While I was doing some tests on my code to find the bug, the maintainer of awesome-library corrected the regression and published version x.0.2. Since some of my tests (with the old AND new version of my app) were done with x.0.1 and some others with x.0.2 it was difficult to understand what was happening.

How can that happen? When a npm install --save is done, the dependency is added in the file package.json using this notation:

"dependencies": {
    "awesome-library": "^1.0.0"

According to npm documentation, the carret ^ means that higher minor or patch numbers are allowed. Each time you do a fresh install with a fresh npm install command, npm downloads an updated version of the library.

Allowing an automatic upgrade for the patch number in a SemVer-compatible library is not a good idea since a bug fix can also be a source of new bugs.

It can be noted that once npm install is executed, typing it once again does not update the already installed library - unless npm update is executed.

Another Problem: Transitive Dependencies

Worse: awesome-library can also define dependencies.

We could try to avoid headaches by adding the --save-exact option to the npm command:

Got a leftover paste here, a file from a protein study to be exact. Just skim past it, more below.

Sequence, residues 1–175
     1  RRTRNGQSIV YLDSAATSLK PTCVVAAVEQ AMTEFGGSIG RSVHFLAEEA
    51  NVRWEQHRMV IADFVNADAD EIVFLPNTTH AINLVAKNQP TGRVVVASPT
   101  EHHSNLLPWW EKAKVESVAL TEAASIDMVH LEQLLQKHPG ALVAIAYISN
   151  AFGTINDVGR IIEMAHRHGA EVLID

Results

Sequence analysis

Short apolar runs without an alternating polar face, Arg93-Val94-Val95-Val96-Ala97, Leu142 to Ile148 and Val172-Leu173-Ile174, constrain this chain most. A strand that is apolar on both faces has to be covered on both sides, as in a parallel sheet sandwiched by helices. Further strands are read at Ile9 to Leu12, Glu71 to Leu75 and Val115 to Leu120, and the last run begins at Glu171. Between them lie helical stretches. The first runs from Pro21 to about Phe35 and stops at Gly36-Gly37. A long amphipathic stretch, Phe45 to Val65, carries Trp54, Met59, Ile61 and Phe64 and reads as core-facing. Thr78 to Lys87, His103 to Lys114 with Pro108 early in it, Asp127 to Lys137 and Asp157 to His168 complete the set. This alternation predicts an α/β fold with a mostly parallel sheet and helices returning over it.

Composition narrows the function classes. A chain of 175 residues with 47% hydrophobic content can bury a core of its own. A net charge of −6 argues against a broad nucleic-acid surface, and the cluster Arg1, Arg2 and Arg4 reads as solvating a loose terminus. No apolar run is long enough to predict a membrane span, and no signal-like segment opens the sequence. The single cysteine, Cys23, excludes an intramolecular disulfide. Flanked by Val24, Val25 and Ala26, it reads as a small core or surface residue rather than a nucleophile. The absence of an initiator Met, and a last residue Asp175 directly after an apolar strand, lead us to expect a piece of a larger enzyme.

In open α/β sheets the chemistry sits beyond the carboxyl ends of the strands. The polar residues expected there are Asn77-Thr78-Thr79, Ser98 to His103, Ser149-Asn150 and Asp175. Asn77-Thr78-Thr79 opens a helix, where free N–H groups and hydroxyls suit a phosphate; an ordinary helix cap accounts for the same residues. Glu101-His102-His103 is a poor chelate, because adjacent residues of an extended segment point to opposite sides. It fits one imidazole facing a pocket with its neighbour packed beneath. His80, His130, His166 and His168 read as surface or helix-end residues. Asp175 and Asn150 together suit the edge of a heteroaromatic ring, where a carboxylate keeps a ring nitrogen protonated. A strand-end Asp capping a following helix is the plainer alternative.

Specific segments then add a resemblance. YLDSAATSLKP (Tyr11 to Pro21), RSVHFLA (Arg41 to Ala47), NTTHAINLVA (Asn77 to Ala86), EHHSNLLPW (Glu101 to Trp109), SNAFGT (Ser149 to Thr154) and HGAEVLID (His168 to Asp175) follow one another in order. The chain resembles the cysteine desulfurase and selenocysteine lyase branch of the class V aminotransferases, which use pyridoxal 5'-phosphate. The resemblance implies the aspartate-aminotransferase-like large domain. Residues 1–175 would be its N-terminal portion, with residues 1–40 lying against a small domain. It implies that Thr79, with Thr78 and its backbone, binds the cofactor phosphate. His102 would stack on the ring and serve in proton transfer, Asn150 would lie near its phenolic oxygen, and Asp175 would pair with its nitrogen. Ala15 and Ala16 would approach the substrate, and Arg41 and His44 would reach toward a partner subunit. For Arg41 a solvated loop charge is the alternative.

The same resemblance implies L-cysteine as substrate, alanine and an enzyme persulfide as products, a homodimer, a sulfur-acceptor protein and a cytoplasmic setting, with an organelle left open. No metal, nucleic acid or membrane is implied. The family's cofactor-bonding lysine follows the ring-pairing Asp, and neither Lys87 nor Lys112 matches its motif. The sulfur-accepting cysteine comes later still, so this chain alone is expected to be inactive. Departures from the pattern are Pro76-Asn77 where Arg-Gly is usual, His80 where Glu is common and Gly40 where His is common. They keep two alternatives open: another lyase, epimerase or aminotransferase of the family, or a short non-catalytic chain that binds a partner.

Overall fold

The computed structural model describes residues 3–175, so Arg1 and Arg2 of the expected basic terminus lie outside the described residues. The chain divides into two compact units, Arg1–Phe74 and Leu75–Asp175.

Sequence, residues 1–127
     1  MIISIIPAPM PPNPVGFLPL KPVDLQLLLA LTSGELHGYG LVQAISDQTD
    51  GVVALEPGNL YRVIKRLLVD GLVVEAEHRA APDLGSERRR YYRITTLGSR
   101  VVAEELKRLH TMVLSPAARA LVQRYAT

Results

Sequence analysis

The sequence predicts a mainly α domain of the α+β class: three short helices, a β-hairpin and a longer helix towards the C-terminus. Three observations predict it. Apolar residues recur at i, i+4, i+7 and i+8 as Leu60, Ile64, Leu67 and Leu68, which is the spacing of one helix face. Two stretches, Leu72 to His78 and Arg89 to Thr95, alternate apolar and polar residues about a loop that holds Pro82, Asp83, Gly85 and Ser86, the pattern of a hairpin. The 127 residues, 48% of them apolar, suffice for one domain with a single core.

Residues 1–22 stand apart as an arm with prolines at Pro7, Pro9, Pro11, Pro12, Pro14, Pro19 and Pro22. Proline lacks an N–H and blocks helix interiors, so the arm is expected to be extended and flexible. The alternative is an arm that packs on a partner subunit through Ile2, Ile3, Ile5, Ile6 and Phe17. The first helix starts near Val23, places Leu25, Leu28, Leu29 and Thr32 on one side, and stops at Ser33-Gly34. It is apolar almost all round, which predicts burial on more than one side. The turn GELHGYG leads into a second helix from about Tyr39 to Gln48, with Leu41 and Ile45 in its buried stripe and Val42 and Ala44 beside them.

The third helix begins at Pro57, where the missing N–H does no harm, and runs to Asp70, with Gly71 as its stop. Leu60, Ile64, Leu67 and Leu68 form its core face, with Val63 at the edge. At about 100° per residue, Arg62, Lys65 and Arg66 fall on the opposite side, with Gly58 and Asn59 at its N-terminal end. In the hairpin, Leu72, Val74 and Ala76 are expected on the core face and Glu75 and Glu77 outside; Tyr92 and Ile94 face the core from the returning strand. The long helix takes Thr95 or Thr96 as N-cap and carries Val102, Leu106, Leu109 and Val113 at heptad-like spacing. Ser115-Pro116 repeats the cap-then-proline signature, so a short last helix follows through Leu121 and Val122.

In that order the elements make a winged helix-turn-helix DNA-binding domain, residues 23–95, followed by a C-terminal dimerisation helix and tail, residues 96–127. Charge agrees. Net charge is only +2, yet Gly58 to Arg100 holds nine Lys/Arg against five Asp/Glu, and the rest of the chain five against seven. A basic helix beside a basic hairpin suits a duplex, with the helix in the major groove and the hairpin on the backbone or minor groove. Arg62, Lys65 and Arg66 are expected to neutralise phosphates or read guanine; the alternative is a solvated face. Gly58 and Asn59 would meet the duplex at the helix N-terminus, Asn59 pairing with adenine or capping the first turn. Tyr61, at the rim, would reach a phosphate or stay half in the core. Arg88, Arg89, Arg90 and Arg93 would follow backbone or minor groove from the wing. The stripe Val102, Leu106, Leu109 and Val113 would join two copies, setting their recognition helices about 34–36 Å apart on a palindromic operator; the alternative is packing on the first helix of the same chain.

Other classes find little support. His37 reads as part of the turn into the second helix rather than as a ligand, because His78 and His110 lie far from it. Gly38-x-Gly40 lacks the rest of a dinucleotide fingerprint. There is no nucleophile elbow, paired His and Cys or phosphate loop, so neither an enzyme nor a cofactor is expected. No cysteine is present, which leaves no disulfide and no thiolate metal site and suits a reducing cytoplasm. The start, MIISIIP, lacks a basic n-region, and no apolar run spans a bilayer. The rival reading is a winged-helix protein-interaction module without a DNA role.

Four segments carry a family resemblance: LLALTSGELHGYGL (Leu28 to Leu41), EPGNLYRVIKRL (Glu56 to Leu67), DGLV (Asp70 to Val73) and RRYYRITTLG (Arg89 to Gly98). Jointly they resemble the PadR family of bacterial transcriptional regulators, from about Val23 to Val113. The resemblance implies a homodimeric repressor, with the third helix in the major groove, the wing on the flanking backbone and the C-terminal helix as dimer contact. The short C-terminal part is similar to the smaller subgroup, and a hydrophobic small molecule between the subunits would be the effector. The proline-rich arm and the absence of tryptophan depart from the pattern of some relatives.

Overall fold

npm install awesome-library --save --save-exact

When this option is added, package.json becomes:

"dependencies": {
    "awesome-library": "1.0.0"

The caret disappears, and the library version is definitively set-up.

But what about the dependencies defined in the package.json of awesome-library? And what about the dependencies of those dependencies? This command does not freeze their version, they keep their ^, so control about dependencies of dependencies is lost.

And the nightmare continue.


How this problem can be solved? There are generally 2 possibilities:

  1. all dependencies are distributed and committed with your project - in the case of Node.JS it implies distributing the whole node_modules directory
  2. … or we find a way to lock / freeze the version numbers of all the dependencies and their sub-dependencies

The second option is better, and actually some dependency tools for other programming languages do that by default.

With npm

npm provides a special command that can help:

npm shrinkwrap

It generates a npm-shrinkwrap.json file that contains the hierarchy of all your dependencies and their version at the time you use the command.

The process is simple:

All the hierarchy of dependencies becomes known. A production environment must be as predictable as possible.

With yarn

yarn is a replacement for npm. I have little doubt it will completely replace npm in the future since it features many interesting improvement as compared with npm, while using the same library database than npm.

yarn produces a yarn.lock file similar to npm-shrinkwrap.json which details all the transitive dependencies. You must add your dependencies using the yarn add command: it will automatically install them and will also update the yarn.lock and package.json files.

This approch is better since you do not have to think about fixing your dependencies: yarn will do that for you automatically.

Just do not forget that as for npm-shrinkwrap.json, yarn.lock is a file that must be shared between developers, you must not ignore it in your source version control system.